I don't think the 3rd eye is a "real" chainguide - it is a "chainkeeper" and designed to prevent chainsuck when shifting to the little ring on geared bikes. The other components you were looking at are "chain tensioners" and are another compromise over a chain guide system.

    This device is made by Truvativ, designed for 2 speed, but may work on your with your 1.1. If it does, please let me know .

    Finally - listen to the other posters: you do NOT want a 12-26 cassette. You will be making a HUGE mistake. 11-34 or 11-36 are the tickets. Better yet, build a 1 X 10 with 11-36.
    Old enough to know better. And old enough not to care. Best age to be.

  9. #9
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    Quote Originally Posted by rdhfreethought
    But that is not what you asked.
    No, but I'm happy for any advice. I'd like to be as informed as I can.

    Also, most people are going from 175mm to 170 or 165mm, not larger to 180mm. I am 6' 1" so I feel best on a 175mm. But if I was doing DH, XC, or road, a 170mm crank is a bit more efficient. Think of how high you lift your foot up when you run. That eliptical motion is only about 50-60mm (in the vertical direction). Now do a high step run (knees to horizonal), it is very inefficient.
    I'm also 6'1" and a formula I found floating around these forums somewhere said I'd be best suited with 181mm on the crank. Is that not accurate? I certainly don't have to switch the size. I ride exclusively XC.

    Quote Originally Posted by dwt
    I'm running a Stylo 1.1 on my 1 X 9 and if I had to do it over again, would install a 3 speed crank, and replace the outer and inner rings for an outer and inner bash. Or remove the inner and outer rings and install a "real" chainguide. You can't put an inner bash (or ring) on the 1.1 since it has no inner bolt holes. Most of the "real" chain guide systems either come with their own bash or don't use a bash. Such as MRP or E.13.

    I don't think the 3rd eye is a "real" chainguide - it is a "chainkeeper" and designed to prevent chainsuck when shifting to the little ring on geared bikes. The other components you were looking at are "chain tensioners" and are another compromise over a chain guide system.
    Thank you for that, I'll have to rethink it now and see what my other options are.

    To avoid wasting your money, ride a week with the 32 (your current middle gear) and the first few cogs of your current cassette. (to get an idea what a 12-26 feels like).
    Quote Originally Posted by FM
    12-26 is basically road touring gearing. Your easiest gear will be a 32-26 which is pretty tall. But not as tall as what most single-speeders run, so maybe you'll be OK... too tall for me though! The singlespeed crankset will work fine with 9-speed.
    Finally - listen to the other posters: you do NOT want a 12-26 cassette. You will be making a HUGE mistake. 11-34 or 11-36 are the tickets. Better yet, build a 1 X 10 with 11-36.
    I have a 34 tooth as the middle ring now. I ride almost exclusively on 34-21 with an occasional switch up or down to 34-18 or 34-26. Never anything higher although I sometimes wish I had more gears in this small range that I use. I charted it out to give me an idea:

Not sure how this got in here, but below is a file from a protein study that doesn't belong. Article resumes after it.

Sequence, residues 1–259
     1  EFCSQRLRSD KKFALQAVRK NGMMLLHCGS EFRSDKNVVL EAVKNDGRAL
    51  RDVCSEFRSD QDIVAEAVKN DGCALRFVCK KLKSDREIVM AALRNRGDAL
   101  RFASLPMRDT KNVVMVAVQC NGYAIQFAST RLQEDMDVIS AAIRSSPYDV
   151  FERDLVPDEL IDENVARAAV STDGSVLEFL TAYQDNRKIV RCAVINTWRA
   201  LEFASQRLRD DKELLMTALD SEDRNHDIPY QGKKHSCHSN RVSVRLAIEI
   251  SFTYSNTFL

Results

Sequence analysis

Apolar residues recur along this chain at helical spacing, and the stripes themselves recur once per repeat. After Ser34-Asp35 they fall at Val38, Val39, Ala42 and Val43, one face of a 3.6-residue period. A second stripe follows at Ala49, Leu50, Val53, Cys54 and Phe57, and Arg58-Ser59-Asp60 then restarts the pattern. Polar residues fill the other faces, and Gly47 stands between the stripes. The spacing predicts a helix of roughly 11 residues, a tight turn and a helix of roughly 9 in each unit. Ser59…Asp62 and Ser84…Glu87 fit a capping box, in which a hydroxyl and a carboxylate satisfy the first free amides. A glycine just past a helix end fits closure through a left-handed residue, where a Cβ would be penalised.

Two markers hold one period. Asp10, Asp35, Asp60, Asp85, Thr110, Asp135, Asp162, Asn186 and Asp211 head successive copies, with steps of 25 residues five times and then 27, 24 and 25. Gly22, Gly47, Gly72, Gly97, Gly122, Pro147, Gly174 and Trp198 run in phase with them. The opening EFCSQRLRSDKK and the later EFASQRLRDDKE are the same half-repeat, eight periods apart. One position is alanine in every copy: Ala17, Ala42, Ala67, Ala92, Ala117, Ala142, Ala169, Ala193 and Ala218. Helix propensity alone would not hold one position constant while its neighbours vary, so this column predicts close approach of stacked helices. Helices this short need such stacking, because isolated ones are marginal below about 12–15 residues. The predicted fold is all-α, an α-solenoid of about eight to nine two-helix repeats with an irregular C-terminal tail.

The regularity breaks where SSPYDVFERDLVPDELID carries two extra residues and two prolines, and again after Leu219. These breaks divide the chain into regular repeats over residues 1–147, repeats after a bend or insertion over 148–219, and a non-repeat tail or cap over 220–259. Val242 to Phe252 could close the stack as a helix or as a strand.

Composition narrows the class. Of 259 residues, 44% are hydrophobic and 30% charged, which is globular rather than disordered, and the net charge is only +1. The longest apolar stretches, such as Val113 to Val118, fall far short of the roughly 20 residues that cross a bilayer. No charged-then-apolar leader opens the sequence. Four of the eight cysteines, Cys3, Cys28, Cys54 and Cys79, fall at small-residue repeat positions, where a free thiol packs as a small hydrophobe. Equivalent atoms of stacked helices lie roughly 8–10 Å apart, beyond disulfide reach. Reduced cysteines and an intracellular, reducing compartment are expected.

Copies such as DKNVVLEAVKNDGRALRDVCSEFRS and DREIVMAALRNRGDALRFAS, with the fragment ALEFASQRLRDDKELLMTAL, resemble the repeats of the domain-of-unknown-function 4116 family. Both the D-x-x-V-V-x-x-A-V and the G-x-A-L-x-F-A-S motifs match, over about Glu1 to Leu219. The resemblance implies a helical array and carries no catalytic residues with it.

My current 34x11-32
    34/11 = 3.09
    34/12 = 2.83
    34/14 = 2.43
    34/16 = 2.13
    34/18 = 1.89
    34/21 = 1.62
    34/26 = 1.31
    34/32 = 1.06

    My planned 32x12-26
    32/12 = 2.67
    32/13 = 2.46
    32/14 = 2.29
    32/15 = 2.13
    32/17 = 1.88
    32/19 = 1.68
    32/21 = 1.52
    32/23 = 1.39
    32/26 = 1.23

    If I'm doing the math right then I'll have 5 gears instead of 3 in the range that I use, with only a small loss at the top and bottom. What gear ratios will I be missing out on that would make this a mistake?

    Also, fyi, I live in S FL where we have no hills larger than a 40 feet or so, and those are few and far between. I never pedal downhill as there's no room to need to. I climb our largest hills in 34-26.

  10. #10
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    I'd put in a plug for the Paul Chainkeeper. I used to use a bash and a third eye but the Paul works much better and is lighter than the other setups.
    "You know how they make aluminum bike frames? They take steel and suck out all the soul..."

  11. #11
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    Quote Originally Posted by bclagge
    I ride almost exclusively on 34-21 with an occasional switch up or down to 34-18 or 34-26.
    Take it from another FL rider... just go SS and forget it.

    1. Save more weight (no need for chain saver, rear gears or rear derailer, shifters, cables, etc...)

    2. The weight and decreased power loss will eliminate the need for the easier gears anyways.



    Having said that, I have an SS and I converting my 3x9 to 1x9 for when I ride in NC. From what I have heard, the Paul Chain Keeper is the WTG.

  12. #12
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    Quote Originally Posted by pointerDixie214
    Take it from another FL rider... just go SS and forget it.
    I don't think I'm quite there yet, although it certainly seems I'm working my way there .